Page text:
Waterfall Retreat Rates along the Dead Sea Western Tectonic Escarpment

Y. Enzel, Itai Haviv, E. Zilberman, K. X. Whipple, J. Stone, A. Matmon, K. L. Fifield

Research output: Contribution to journalMeeting Abstract


Waterfalls are abundant along steep bedrock channels and may play a key role in their evolution. Vertical waterfalls with dolomite caprock and marly-limestone footrock reaching ~100 m in height prevail along the Dead Sea western tectonic escarpment. Upstream migration rates of 6 waterfalls during the last several kyr was evaluated through concentration analysis of the cosmogenic isotope Cl-36 in samples collected from the vertical footrock of each waterfall. Shielding geometry was used to determine the cosmic ray flux arriving to each sampled outcrop as well as to calculate site-specific attenuation depths. The results vary from 15 to 90 cm/kyr and record an increase in lateral erosion rate with both drainage area (10-107 km2) and the annual rain volume over each basin (1-200 106 m3 yr-1). An additional sample was picked from a waterfall whose entire face consists of durable dolomite. This waterfall was recently deprived of its erodible footrock as it retreated across a fault which down-faulted the upstream block. The sample yielded a lateral erosion rate 3-times lower than the rate derived for a waterfall with similar flow characteristics whose footrock consists of marly-limestone. The low lateral erosion rate is manifested in the morphology of the waterfall -- the upper face is no longer vertical and has started to rotate and "diffuse". This sample illustrates that exhumation of erodible formation can increase waterfall retreat rate and the flux of sediment associated with it. Long-term average waterfall retreat rates representing the last 4-8 Myr were measured using the distance of waterfalls from the Dead Sea western tectonic escarpment and the estimated escarpment age. These increase with the basin annual rain volume but are 1-2.3 higher than the short-term lateral erosion rates. This discrepancy could not be attributed to reduction in discharge due to retreat, since all the waterfalls are located close to the outlet of their basins. It may suggest that flow characteristics in the Holocene do not resemble the average long-term flow characteristics. Feedbacks between waterfall retreat rate and downstream incision rates were explored considering: (1) the non-transportable debris supplied to the channel as a waterfall retreats, (2) caprock and footrock critical heights for shear failure and (3) caprock cantilever failure length. Though in some circumstances the rate of lowering of the reach beneath a waterfall may completely dictate the lateral retreat rate of the vertical face, retreat rate can also be decoupled from downstream incision for millions of years. To accurately capture the evolution of a reach with a waterfall it is suggested that landscape evolution models should utilize 3 separate erosion laws: one for lateral erosion of the waterfall vertical face, one for the reach beneath the waterfall and another one for the reach above the waterfall.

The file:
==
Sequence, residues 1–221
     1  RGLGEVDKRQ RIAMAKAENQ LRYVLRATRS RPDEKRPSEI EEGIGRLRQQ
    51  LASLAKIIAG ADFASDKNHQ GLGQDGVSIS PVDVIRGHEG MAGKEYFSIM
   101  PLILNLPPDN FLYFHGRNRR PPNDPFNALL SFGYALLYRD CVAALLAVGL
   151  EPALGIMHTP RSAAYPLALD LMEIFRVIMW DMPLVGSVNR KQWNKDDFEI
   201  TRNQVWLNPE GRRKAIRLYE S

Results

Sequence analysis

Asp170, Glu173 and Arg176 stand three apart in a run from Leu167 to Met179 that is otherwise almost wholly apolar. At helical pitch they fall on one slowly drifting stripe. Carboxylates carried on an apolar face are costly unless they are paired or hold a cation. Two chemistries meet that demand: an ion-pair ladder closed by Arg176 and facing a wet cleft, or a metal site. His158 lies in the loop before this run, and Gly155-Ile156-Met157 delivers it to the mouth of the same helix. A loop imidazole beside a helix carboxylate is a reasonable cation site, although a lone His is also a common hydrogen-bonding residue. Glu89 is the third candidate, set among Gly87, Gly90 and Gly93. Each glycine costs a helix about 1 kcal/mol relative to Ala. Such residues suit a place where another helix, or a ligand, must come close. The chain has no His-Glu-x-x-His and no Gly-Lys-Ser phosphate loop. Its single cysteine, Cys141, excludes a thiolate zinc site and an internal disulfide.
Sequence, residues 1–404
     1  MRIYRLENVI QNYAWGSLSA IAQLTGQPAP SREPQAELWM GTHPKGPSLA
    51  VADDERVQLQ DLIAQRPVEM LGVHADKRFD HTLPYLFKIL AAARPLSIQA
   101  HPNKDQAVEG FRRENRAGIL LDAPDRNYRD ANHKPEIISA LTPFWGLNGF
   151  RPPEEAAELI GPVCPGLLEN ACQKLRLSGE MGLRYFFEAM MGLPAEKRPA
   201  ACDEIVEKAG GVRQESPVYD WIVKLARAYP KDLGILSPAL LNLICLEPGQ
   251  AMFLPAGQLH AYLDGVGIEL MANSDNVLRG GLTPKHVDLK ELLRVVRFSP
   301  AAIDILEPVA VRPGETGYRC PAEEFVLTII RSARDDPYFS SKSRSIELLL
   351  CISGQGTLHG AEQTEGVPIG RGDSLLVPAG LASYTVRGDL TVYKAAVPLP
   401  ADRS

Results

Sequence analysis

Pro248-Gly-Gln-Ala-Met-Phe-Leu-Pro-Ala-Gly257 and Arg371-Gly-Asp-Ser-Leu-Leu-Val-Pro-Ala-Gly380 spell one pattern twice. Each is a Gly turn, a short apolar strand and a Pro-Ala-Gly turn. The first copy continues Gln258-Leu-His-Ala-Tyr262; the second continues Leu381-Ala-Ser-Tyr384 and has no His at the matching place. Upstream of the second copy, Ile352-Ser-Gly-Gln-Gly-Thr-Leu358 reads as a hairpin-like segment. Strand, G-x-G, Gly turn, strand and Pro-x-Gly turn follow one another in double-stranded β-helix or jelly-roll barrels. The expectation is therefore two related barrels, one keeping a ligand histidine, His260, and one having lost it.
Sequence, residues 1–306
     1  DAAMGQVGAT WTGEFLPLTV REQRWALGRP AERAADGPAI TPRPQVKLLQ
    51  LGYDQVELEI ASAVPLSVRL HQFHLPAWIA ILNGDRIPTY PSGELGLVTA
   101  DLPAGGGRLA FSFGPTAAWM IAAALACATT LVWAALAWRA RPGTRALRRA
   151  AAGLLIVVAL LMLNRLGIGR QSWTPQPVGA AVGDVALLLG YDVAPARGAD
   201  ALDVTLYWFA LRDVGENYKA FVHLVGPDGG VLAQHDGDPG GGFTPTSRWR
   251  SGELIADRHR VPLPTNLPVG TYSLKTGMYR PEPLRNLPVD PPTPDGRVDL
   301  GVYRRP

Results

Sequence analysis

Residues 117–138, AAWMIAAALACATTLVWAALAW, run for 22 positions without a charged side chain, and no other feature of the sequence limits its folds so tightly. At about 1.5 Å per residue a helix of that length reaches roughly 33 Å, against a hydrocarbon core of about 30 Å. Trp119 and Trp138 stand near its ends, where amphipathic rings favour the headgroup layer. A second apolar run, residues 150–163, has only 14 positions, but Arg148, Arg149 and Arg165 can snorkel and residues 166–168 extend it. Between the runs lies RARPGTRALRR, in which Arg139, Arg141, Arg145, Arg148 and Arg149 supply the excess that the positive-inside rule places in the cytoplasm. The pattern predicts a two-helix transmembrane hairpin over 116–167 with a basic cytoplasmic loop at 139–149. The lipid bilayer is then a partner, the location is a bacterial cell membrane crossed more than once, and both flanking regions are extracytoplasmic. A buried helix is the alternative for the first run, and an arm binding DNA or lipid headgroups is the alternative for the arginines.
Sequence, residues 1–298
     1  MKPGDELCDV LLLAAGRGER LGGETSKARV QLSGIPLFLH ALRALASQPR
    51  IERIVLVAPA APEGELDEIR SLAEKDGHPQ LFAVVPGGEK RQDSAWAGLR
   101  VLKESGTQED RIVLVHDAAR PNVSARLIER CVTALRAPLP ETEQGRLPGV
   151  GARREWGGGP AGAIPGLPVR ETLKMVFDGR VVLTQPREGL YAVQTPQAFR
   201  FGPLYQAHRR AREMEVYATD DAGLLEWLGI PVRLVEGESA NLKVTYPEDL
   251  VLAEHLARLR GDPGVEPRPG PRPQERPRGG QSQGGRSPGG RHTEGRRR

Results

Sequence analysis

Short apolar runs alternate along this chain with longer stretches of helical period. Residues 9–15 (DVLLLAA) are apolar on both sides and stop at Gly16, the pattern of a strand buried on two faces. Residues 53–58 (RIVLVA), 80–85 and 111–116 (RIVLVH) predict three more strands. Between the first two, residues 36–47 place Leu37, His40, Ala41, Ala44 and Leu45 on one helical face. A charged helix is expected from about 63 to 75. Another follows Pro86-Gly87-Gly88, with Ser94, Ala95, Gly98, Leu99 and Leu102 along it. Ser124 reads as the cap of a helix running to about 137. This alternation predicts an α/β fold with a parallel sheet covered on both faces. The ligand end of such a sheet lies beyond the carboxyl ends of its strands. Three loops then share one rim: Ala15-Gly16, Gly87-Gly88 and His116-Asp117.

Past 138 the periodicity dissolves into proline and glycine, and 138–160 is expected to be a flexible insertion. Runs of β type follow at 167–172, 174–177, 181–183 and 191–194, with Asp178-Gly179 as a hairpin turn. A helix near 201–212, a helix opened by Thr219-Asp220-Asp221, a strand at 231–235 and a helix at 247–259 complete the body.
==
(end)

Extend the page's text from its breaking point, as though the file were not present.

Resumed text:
Original languageEnglish GB
JournalGeophysical Research Abstracts
StatePublished - 2005


  • 1800 HYDROLOGY
  • 1815 Erosion
  • 1824 Geomorphology: general (1625)
  • 1825 Geomorphology: fluvial (1625)
  • 1860 Streamflow


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